Validating Laravel requests using rule objects

Laravel comes with a multitude of ways to validate request parameters. For instance, you could use Illuminate\Http\Request’s validate method where you can specify all the fields that you would want to get validated inside controller’s action. You can do it like so.

<?php namespace App\Http\Controllers; use App\Http\Controllers\Controller;
use Illuminate\Http\Request; class PostController extends Controller
{ /** * Store a new blog post. * * @param Request $request * @return Response */ public function store(Request $request) { $validatedData = $request->validate([ 'title' => ['required' | 'unique:posts' | 'max:255'], 'body' => ['required'], '' => ['required'], ]); // The blog post is valid... }

As shown above, you could specify predefined validation rules (separated by pipes [|]) on request parameters. Apart from these predefined validation rules, you can also define you own rules using “rule objects”.

Custome Rule Objects

Rule objects are essentially classes that implements Illuminate\Contracts\Validation\Rule interface. A rule object contains two methods: passes and message. The passes method receives the attribute value and name, and should return true or false depending on whether the attribute value is valid or not. The message method should return the validation error message that should be used when validation fails.

Rule objects can be generated using make:rule Artisan command like so.

$ php artisan make:rule Titlecase

This will generate a Titlecase rule object in app/Rules directory.

Here’s how a typical rule object looks like.

<?php namespace App\Rules; use Illuminate\Contracts\Validation\Rule; class Titlecase implements Rule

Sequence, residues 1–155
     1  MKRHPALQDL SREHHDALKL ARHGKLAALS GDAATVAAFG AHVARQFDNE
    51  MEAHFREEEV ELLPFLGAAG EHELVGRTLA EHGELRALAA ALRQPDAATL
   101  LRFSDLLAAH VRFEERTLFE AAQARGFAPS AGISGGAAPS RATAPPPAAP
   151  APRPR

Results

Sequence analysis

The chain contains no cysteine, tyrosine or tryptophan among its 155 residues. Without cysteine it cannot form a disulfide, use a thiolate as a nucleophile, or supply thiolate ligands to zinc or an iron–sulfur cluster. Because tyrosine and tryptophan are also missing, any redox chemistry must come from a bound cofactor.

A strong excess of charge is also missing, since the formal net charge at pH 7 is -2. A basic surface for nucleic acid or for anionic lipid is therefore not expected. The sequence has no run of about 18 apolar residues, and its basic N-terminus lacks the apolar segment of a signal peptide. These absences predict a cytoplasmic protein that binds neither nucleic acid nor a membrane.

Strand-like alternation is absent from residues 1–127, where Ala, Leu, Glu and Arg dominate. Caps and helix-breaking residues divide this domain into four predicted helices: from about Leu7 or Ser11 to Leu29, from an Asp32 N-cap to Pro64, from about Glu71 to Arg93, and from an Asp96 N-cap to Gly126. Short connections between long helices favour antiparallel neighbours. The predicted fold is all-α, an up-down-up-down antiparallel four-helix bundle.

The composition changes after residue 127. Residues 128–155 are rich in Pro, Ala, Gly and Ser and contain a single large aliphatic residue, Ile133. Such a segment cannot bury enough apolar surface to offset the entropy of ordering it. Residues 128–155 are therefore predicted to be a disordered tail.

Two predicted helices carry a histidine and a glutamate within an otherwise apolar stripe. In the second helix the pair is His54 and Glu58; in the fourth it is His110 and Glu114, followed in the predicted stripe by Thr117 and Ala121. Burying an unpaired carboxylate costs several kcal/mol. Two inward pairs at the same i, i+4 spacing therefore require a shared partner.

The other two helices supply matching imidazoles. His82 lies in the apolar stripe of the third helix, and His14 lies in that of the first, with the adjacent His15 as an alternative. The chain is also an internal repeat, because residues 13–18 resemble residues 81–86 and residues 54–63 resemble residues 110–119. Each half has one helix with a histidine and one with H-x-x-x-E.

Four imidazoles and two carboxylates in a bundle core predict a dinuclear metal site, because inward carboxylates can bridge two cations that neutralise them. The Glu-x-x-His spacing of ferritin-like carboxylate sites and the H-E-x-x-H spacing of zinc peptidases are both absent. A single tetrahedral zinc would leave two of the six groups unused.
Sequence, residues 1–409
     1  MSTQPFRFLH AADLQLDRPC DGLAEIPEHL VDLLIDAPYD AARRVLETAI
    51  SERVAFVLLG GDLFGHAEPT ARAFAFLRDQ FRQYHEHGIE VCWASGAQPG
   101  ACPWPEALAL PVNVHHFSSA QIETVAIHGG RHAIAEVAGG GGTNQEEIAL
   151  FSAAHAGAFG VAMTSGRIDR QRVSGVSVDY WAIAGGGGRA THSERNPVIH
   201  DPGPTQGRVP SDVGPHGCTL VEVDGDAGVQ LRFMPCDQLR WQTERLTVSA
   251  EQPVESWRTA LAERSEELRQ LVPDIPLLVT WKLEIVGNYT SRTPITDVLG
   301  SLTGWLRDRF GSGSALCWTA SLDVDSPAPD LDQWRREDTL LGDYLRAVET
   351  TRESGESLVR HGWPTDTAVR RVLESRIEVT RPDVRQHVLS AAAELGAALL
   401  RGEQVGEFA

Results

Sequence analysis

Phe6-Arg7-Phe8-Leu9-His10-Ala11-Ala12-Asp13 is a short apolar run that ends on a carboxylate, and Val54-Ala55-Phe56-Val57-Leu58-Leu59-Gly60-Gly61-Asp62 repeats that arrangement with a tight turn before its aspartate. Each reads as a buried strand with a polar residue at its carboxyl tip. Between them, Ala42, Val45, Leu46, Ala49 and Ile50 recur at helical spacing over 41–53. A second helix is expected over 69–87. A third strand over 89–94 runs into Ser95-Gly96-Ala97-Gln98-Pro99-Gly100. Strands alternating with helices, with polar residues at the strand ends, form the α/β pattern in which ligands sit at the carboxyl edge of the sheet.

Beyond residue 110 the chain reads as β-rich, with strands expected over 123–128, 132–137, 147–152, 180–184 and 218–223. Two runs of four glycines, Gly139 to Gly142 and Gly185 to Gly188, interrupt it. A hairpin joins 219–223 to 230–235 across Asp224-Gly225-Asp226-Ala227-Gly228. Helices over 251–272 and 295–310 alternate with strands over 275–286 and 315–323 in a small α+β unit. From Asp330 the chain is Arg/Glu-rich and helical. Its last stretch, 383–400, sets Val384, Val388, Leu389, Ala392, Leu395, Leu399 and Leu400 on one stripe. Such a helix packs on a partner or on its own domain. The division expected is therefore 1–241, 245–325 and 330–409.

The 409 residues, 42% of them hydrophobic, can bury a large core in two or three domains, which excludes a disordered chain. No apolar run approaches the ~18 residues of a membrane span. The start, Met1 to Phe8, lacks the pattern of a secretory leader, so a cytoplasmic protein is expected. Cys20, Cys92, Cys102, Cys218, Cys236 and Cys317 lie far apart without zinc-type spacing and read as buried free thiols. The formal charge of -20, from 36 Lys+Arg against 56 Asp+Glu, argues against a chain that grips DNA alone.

{ /** * Determine if the validation rule passes. * * @param string $attribute * @param mixed $value * @return bool */ public function passes($attribute, $value) { return ucwords($value) === $value; } /** * Get the validation error message. * * @return string */ public function message() { return 'Each word in :attribute must begin with a capital letter'; }

Once the rule has been defined, you may attach it to a validator by passing an instance of the rule object with your other validation rules like so.

use App\Rules\Titlecase; $request->validate([ 'name' => ['required', 'string', new Titlecase],

And that’s how you can implement your own custom rule objects that validates requests according to your needs.


There are libraries such as axiom that provides a set of reusable and useful Laravel validation rule objects such as StrongPassword, TelephoneNumber, MaxWords and so on. So, you don’t need to re-invent the wheel for common validation rules!

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